Tag Archives: new parents

Parenting: How to Survive the Crazy

If you feel like you’re drowning in the ocean of parenting, you’re not alone! I meet so many parents who say they’re overwhelmed, unsure of how to discipline, or just plain tired. And as a mother of two myself, I really get it. The truth is that parenting is probably one of the most difficult jobs on the planet. Ironically, it’s also one that we’re typically least prepared for. Most parents don’t have time for an in-depth study of the ins and outs of child development and parenting skills – so I’ve put together a few survival tips to boost your sanity and help you raise solid kids.

  1. Find someone to talk to. Yes, my first tip is not even about kids per se. It’s about you. If you want to be fully present for your kids, you need to be getting your own emotional needs met too. Your person could be your spouse, friend, parent, sibling, or counselor. The important thing is that you are able to be emotionally honest and feel heard and supported.
  2. Find people to ask questions when you’re stuck. These people will probably be seasoned parents – the ones who’ve been around the block and raised well-adjusted kids. Nobody knows everything about parenting, and you’ll save yourself lots of mistakes if you just ask for a little guidance. Remember, just because you ask doesn’t mean you have to follow the advice you get. All kids and families are different and you’ll ultimately have to decide what’s best for your kid. But having perspectives from other parents really helps – plus it makes you feel less alone in your struggles.
  3. Establish routines. Kids thrive with structure because it makes them feel safe and secure. If their external world is chaotic, their internal world will feel that way too. Routines cut down on tantrums and other behavior problems. Plus, you will probably feel less crazy too!
  4. Provide a consistent, healthy diet. The fuel that you put into your kids’ bodies is so important! Good fuel helps their little brains to function correctly. Bad or inconsistent fuel can result in moodiness, behavior problems, trouble with concentration, etc. So plan regular meal and snack times, and stock up on wholesome foods.
  5. Make sure your kids get enough sleep. Beginning your day with well-rested kids will save you a world of trouble. They’ll be better behaved, more cooperative, nicer, and more fun to be around. Not to mention that sleep is essential for healthy brain development. According to the National Sleep Foundation, ages 3-5 need about 12 hours each night, ages 5-12 need at least 10 hours, and teens need between 9 and 10 hours.
  6. Establish rules with consequences, and then be consistent. Kids feel insecure when they don’t know where your boundaries are. If you’re inconsistent with consequences, they will push and test you simply because they need to make sure the boundary is still there! When you discipline, always make statements that you are prepared to follow through on.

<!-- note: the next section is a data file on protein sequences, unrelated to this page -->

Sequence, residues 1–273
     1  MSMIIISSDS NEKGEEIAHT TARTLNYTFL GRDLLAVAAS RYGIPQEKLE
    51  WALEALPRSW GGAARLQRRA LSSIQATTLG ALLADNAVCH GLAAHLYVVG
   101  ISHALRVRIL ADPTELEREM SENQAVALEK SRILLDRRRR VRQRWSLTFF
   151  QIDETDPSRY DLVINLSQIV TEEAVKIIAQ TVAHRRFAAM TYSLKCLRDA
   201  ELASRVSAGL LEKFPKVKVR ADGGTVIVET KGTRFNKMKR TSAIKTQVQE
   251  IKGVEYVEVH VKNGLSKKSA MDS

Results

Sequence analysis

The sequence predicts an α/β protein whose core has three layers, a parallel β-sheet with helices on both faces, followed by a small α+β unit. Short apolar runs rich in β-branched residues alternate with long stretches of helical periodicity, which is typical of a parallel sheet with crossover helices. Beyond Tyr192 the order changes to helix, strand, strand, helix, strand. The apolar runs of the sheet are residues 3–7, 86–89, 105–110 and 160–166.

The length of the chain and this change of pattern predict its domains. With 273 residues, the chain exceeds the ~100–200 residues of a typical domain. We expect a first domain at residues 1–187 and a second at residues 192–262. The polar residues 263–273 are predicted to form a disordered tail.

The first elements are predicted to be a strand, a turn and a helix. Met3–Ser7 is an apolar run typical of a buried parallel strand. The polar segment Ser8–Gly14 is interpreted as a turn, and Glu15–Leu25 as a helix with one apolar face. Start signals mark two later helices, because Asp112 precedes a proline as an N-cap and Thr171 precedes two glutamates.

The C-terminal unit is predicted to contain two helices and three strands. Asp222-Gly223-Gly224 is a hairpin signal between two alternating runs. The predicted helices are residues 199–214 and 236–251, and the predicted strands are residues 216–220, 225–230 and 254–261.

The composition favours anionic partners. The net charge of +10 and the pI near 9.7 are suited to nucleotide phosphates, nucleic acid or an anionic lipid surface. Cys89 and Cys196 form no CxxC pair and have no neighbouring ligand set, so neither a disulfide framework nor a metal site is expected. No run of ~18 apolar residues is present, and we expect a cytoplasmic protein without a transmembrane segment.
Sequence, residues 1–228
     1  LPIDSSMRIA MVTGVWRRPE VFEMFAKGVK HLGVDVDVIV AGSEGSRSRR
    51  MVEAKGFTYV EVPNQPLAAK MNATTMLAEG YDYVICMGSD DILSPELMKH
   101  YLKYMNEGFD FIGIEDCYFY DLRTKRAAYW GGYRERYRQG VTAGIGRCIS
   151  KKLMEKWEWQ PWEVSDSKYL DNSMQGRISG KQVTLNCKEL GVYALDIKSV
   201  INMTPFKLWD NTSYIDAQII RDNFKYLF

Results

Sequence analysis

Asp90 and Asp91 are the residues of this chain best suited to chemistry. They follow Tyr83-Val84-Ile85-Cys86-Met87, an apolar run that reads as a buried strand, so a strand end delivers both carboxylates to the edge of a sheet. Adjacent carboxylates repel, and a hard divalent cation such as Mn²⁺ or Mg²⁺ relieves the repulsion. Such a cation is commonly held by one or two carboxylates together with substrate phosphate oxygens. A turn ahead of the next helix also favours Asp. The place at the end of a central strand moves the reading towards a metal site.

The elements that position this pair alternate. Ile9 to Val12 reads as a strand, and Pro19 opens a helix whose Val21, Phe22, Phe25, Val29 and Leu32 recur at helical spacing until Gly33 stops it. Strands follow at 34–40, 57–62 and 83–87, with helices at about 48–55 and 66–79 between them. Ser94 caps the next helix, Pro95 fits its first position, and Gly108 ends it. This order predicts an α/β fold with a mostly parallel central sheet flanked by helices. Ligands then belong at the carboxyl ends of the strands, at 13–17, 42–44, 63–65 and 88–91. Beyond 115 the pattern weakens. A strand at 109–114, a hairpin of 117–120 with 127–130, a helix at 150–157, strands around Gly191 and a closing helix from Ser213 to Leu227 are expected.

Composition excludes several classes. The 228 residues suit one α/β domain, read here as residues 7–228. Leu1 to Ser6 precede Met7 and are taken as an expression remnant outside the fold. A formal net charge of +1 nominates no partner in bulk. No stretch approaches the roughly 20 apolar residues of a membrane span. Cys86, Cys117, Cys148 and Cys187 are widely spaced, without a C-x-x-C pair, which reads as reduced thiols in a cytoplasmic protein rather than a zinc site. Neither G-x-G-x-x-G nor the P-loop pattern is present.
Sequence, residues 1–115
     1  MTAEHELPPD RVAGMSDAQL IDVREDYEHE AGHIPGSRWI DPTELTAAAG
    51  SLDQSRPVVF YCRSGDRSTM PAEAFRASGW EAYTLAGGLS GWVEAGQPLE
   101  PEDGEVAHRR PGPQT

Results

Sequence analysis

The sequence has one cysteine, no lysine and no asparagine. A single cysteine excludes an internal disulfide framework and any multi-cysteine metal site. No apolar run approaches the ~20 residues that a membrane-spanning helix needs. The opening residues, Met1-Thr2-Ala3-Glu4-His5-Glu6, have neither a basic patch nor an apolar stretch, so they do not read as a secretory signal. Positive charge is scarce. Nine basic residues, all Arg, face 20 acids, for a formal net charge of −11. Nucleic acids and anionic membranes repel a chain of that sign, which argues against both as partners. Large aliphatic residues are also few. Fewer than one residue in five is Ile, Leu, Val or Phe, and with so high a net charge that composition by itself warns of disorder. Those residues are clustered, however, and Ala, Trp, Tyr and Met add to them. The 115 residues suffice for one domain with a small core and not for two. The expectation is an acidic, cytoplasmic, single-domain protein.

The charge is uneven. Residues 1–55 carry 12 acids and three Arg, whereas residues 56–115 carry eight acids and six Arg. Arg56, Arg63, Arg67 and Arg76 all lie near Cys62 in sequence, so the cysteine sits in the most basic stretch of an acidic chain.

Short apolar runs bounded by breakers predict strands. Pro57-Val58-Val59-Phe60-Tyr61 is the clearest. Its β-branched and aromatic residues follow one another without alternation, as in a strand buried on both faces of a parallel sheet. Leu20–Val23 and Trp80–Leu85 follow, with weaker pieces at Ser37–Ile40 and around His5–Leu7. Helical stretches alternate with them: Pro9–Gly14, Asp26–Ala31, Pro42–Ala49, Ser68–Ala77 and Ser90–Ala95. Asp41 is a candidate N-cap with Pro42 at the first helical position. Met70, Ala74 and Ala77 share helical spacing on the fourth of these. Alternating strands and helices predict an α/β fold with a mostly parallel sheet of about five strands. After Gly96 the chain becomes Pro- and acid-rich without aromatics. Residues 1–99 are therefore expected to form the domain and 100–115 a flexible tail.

7. Model the behavior you want to see. Kids learn so much by what they see, so don’t underestimate the power of simply living your life in front of them. Be excited about brushing your teeth while your toddler watches. Say please and thank you when talking to your child. Use words that strengthen and encourage when speaking to your family. And if your kid is not allowed to eat in the living room, neither should you!
  8. Notice the good things about your child’s character and behavior, and verbalize what you see. It really helps to build his or her sense of identity and self-worth. Kids who feel good about themselves tend to behave better. Your connection with your kid will be better when you encourage rather than criticize. Plus, your child will feel more loved. All of these things increase the chances that he or she won’t run off course as a teenager, too!
  9. Spend time having fun with your kids. Really make an effort to plan fun activities. If you have more than one child, make sure you spend quality one-on-one time with each of them. Play is important for healthy development and creativity. Pick things that each individual child likes to do. The bond that you form with your kids will be stronger because you took the time to focus on them in a fun atmosphere.
  10. Talk about things. Anything. Everything. Do make it age appropriate, but make sure your kids don’t feel like anything is off limits even if it’s embarrassing. Start when your children are babies. Even when they can’t speak, talking to them promotes good language development. As they grow, keep an open dialogue. If any subject is off limits with you, your curious children will be talking about it and getting answers elsewhere! An environment of open dialogue also promotes healthy communication (a great life skill!) and increases trust.
  11. When you make a mistake, don’t beat yourself up. None of us get it right all the time, or even most of the time. Apologize to your kids. Decide what you’ll do differently next time, and move on. A parent who knows how to admit mistakes and apologize teaches important lessons that would go unlearned if you were perfect all the time anyway.